Starting point is 00:06:34 So it can generate like real anxiety in ways that actual violence can't. Yeah. That's just part of it. Another part of it is isolation, monopolization of perception, like keeping people in a room with the lights on 24 hours a day. Um, it just has all sorts of weird effects on people. Uh, it also helps to restrict information.
Starting point is 00:06:57 So they are completely isolated and have no contact or way to get information from outside of their captivity. Those are just a couple of them. Yeah. The list goes on with humiliation, any kind of degrading punishment, stripping people naked, no privacy, not allowed to take care of their bodies and, you know, go to the bathroom in a normal hygienic way or bathe themselves to basically kind of turn people into animals and break them down so they don't resist.
Starting point is 00:07:33 Exhaustion, of course, is one of them. You know, these long interrogations, you know, limiting food, limiting sleep, obviously. So all of this stuff is sort of working them hard. All of this stuff is gonna weaken their ability to resist the coercion. Yeah, and the one that gets me the most is the most despicable of all, or occasional indulgences.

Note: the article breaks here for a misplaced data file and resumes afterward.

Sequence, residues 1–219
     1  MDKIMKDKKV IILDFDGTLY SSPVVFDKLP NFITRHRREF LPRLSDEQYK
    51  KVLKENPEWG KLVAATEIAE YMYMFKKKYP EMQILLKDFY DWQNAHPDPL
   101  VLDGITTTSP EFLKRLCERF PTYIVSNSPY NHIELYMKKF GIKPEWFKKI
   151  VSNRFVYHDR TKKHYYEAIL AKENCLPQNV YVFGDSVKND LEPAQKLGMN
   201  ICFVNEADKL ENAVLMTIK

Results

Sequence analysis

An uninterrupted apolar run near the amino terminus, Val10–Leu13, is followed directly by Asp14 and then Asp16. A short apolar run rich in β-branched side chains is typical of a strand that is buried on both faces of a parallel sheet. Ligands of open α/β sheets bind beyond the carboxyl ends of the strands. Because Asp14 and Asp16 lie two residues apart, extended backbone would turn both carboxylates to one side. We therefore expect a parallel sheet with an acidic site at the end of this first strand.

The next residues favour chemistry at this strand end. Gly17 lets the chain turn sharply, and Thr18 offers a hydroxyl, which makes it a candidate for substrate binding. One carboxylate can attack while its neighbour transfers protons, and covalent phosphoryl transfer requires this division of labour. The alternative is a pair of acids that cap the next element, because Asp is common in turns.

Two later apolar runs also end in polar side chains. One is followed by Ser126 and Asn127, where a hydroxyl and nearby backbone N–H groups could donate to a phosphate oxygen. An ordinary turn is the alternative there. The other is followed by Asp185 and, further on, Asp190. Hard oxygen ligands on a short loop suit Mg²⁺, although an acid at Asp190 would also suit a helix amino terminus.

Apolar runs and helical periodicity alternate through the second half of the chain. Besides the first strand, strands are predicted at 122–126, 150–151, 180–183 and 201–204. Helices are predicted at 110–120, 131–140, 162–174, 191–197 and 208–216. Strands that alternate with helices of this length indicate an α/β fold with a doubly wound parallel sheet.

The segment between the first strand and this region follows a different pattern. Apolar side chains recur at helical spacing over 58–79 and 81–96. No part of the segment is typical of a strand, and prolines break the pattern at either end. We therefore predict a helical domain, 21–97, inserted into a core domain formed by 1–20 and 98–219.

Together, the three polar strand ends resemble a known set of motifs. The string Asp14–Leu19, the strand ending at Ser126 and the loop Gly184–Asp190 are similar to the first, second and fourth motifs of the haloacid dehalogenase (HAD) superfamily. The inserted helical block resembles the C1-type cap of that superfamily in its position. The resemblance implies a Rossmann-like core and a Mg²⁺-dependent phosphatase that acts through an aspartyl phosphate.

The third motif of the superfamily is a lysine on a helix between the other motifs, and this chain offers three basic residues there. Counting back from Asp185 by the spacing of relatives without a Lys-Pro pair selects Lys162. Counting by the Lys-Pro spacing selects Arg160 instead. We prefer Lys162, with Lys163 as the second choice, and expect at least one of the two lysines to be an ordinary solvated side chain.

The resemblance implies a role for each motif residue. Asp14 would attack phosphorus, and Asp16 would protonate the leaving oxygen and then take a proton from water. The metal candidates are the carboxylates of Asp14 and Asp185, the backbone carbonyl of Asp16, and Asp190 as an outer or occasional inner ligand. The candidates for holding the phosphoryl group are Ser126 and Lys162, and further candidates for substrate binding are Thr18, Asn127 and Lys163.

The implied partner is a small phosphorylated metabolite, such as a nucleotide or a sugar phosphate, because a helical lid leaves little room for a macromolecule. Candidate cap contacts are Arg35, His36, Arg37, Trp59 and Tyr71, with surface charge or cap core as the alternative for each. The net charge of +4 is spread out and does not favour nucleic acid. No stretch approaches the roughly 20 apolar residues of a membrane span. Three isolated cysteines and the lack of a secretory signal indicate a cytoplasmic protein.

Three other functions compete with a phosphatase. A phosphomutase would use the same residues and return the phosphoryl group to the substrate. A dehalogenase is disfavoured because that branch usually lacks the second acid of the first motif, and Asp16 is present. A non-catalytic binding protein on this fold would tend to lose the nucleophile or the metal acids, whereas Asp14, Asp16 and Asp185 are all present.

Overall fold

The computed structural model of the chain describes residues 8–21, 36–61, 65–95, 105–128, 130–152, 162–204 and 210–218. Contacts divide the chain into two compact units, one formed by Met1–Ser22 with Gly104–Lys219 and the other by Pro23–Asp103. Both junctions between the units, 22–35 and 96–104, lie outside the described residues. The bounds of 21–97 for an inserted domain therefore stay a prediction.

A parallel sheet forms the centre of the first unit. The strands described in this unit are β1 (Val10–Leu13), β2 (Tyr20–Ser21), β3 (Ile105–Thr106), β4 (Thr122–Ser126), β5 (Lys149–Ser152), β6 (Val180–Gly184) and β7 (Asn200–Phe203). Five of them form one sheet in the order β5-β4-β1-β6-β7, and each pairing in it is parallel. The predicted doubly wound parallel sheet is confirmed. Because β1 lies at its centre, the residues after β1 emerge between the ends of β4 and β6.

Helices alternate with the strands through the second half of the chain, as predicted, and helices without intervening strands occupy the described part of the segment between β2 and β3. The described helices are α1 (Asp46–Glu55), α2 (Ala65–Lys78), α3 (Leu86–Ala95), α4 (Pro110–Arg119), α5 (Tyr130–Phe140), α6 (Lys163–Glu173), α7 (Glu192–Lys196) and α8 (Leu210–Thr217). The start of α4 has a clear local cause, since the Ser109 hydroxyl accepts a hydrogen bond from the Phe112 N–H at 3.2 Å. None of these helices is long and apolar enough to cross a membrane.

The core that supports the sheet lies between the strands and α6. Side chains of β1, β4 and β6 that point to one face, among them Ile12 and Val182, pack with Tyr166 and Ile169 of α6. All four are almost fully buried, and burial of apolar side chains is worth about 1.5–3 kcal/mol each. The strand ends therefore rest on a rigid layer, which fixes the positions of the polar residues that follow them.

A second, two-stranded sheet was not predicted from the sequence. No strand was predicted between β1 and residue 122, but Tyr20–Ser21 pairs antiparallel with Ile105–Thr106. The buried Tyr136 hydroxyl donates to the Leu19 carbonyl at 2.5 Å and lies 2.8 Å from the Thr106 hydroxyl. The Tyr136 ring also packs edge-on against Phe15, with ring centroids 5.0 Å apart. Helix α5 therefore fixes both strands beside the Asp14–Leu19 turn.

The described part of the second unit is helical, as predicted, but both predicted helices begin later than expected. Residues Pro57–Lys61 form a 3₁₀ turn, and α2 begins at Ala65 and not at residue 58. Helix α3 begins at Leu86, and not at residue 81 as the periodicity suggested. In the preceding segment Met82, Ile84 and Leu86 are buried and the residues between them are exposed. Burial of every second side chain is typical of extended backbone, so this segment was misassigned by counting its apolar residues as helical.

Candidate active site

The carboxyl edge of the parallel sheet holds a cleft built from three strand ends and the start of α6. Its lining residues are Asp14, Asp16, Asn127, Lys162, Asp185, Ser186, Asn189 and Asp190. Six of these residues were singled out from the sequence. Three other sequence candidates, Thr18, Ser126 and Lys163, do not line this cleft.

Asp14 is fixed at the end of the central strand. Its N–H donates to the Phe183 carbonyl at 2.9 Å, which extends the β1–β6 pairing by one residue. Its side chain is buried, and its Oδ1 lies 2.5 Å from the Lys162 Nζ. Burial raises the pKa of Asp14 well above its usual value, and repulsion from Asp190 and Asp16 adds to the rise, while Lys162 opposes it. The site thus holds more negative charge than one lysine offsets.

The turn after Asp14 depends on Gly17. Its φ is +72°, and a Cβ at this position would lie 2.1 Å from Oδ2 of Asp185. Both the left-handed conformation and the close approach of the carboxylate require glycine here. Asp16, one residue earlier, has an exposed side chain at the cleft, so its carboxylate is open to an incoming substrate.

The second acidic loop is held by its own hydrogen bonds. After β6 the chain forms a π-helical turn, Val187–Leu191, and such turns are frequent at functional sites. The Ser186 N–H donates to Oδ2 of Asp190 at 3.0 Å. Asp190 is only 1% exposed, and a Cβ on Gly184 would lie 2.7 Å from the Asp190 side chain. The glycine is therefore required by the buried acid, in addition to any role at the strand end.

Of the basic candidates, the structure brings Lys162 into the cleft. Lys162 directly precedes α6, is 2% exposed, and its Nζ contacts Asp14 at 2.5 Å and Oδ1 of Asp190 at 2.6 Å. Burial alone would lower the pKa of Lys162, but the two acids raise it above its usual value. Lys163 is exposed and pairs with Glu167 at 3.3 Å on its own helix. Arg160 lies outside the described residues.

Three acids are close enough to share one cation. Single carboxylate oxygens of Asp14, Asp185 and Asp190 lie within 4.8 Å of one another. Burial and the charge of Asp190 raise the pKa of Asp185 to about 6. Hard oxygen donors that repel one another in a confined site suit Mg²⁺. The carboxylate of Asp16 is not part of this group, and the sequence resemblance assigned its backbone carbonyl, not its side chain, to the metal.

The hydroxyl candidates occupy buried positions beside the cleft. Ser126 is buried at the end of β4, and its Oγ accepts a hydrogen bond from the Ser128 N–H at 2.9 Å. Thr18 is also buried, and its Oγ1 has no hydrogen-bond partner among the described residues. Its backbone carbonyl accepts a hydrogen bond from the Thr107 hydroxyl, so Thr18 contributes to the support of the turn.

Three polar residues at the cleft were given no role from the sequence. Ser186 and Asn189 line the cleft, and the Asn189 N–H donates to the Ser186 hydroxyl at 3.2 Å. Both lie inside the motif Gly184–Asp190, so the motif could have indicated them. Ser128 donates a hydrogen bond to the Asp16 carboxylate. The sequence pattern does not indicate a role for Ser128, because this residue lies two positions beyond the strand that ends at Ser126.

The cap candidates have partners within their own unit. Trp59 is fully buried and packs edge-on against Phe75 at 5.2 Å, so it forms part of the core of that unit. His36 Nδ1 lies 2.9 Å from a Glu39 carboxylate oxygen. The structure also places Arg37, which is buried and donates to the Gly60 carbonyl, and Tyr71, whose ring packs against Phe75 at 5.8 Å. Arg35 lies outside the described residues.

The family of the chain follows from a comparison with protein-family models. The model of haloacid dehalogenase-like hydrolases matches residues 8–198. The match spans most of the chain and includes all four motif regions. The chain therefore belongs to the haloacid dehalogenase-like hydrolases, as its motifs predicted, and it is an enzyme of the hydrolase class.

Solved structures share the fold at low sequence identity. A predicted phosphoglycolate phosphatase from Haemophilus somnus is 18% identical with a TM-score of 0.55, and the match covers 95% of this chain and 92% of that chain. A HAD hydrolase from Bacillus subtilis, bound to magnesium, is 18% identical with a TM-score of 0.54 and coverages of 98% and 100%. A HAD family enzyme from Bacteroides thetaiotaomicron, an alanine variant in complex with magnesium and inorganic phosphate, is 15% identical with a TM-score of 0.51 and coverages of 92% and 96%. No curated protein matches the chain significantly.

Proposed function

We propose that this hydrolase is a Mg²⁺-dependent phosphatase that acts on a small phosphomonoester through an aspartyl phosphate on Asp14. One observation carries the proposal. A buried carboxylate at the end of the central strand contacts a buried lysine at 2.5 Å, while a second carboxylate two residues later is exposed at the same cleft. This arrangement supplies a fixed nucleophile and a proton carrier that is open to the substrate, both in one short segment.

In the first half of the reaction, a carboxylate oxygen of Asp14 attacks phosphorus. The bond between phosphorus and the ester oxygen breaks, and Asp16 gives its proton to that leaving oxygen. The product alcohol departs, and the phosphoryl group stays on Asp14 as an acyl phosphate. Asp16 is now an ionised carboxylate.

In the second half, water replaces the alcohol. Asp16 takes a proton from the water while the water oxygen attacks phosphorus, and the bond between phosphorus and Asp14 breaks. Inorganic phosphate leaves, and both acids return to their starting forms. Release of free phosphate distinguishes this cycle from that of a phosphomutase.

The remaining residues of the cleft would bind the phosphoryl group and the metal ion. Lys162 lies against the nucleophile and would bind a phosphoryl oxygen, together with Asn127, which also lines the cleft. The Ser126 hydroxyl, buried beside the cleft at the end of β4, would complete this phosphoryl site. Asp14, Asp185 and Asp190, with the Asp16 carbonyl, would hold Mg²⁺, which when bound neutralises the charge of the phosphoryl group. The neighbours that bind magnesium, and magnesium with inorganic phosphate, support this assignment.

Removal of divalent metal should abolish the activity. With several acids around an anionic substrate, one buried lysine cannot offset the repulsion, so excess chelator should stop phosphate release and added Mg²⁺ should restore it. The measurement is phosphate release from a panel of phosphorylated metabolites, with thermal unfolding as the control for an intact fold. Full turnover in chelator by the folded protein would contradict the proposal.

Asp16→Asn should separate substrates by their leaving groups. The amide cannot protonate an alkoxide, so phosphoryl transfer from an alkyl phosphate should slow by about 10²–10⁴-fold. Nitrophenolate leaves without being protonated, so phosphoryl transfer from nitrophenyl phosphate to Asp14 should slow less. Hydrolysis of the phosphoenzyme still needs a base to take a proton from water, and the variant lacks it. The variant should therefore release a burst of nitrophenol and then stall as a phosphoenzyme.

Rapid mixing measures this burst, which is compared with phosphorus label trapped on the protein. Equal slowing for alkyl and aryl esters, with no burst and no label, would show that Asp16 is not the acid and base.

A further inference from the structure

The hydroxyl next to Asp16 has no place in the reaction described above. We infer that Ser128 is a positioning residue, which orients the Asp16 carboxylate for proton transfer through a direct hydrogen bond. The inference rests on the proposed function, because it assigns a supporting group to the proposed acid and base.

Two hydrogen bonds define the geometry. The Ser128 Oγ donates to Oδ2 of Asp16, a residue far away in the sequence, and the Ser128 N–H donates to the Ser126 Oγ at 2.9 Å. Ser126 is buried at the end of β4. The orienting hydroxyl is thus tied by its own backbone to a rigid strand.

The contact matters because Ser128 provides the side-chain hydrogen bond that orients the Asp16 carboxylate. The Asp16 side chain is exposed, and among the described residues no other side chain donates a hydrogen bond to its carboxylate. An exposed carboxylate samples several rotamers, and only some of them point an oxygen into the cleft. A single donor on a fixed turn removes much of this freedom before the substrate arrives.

Starting point is 00:07:55 Yeah, I knew you were gonna say that. Because not only does it, it almost like creates like an affinity for the captor in the mind of the POW who's being mistreated Suddenly there's like this generosity that they can latch on to me like yes people there is goodness still in the world But the reason that they're doing that is because it keeps you from getting used to being yes treated man Isn't that just the most despicable thing you can imagine? Yeah, because what that says is that a human being could potentially get so used to that abuse, coercive abuse and physical abuse, that they're not going to talk.